You can take Nantes out of Brittany (as when regional boundaries were redrawn during WWII), but you can't take Brittany out of its long-time capital, Nantes (Naoned in Breton).
Spirited and innovative, this city on the banks of the Loire, 55km east from the Atlantic ocean, has a long history of reinventing itself. Founded by Celts around 70 BC, in AD 937 Alain Barbe-Torte, the grandson of the last king of Brittany, established the duchy of Brittany here following a series of invasions. The Edict of Nantes, a landmark royal charter guaranteeing civil rights to France's Huguenots (Protestants), was signed in the city by Henri IV in 1598. Its revocation in 1685 led to a Huguenot exodus from the region.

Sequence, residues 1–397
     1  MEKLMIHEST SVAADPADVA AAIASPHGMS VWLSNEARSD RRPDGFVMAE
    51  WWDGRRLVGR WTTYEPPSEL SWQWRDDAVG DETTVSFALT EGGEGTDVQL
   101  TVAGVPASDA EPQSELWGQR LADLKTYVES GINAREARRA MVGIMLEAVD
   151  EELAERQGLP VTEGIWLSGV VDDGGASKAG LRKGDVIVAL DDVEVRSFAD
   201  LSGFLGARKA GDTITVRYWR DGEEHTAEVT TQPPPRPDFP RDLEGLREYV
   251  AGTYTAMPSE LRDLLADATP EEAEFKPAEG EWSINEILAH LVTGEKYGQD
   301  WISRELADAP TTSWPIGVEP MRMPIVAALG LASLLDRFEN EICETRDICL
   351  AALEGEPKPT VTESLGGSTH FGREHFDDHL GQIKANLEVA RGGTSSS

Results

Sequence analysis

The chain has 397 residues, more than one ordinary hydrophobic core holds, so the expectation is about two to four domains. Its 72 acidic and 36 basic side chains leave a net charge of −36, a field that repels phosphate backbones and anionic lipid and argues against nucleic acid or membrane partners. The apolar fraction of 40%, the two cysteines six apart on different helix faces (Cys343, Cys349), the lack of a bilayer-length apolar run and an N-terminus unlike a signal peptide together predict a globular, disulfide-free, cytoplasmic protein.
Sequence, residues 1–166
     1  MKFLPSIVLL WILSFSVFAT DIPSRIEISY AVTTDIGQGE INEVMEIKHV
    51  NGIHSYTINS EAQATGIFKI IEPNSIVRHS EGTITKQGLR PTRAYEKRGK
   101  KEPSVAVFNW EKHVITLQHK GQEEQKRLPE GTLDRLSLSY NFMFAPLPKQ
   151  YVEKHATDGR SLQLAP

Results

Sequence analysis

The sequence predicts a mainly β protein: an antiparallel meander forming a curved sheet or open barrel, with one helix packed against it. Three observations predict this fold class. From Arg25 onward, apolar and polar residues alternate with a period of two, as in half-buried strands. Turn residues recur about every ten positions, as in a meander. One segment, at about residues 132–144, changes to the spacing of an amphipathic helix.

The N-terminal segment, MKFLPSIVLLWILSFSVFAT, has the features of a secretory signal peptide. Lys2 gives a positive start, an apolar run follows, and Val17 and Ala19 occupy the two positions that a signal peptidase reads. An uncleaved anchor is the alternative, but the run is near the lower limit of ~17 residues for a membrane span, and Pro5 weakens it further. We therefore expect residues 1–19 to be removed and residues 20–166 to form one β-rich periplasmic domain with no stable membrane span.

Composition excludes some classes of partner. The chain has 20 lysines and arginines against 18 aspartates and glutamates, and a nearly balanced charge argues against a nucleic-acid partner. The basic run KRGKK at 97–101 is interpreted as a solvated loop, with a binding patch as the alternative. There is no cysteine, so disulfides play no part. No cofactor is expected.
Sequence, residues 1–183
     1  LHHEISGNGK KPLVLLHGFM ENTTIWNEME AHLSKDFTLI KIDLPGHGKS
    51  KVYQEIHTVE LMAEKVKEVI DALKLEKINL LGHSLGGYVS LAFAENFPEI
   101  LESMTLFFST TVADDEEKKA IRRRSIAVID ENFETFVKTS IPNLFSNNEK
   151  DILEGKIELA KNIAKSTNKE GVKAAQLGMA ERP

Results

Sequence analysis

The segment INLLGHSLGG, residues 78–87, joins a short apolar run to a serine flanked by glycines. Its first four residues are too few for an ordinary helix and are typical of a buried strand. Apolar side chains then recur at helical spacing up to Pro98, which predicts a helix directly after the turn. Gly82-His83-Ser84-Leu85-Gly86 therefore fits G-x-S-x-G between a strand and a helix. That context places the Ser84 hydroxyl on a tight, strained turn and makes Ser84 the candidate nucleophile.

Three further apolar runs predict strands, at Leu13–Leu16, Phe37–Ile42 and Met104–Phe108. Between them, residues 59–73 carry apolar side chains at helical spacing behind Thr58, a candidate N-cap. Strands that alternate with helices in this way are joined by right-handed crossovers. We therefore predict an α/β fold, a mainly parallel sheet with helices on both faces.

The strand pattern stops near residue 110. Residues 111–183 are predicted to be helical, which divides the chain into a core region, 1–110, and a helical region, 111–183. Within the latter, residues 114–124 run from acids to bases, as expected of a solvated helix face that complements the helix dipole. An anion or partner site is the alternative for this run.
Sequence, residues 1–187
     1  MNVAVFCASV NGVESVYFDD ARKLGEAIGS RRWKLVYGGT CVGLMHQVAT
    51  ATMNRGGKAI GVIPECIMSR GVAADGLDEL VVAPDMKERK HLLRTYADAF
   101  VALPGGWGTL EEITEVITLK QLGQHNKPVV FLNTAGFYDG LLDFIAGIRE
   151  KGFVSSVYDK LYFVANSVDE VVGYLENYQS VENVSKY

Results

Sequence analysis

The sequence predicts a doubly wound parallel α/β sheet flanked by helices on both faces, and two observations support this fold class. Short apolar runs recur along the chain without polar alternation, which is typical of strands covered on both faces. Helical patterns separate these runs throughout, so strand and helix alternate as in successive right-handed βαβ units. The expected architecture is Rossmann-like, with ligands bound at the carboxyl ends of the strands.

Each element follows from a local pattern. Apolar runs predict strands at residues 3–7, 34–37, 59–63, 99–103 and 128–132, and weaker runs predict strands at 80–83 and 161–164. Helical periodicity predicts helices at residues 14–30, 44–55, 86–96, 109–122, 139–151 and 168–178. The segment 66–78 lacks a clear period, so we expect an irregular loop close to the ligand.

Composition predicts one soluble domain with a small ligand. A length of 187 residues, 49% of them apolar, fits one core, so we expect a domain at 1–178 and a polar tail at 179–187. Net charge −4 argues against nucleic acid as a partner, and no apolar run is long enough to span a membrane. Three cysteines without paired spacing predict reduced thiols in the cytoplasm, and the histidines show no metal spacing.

By the 18th century Nantes was France's foremost port, and in the 19th century – following the abolition of slavery – it became a cutting-edge industrial centre; the world's first public transport service, the omnibus, began here in 1826. Shipbuilding anchored the city's economy until the late 20th century. When the shipyards relocated westwards to St-Nazaire, Nantes transformed itself into a thriving student and cultural hub. The city centre has now nudged past Bordeaux as the country's sixth-largest metropolis, and it's growing, with one in two Nantais today aged under 40.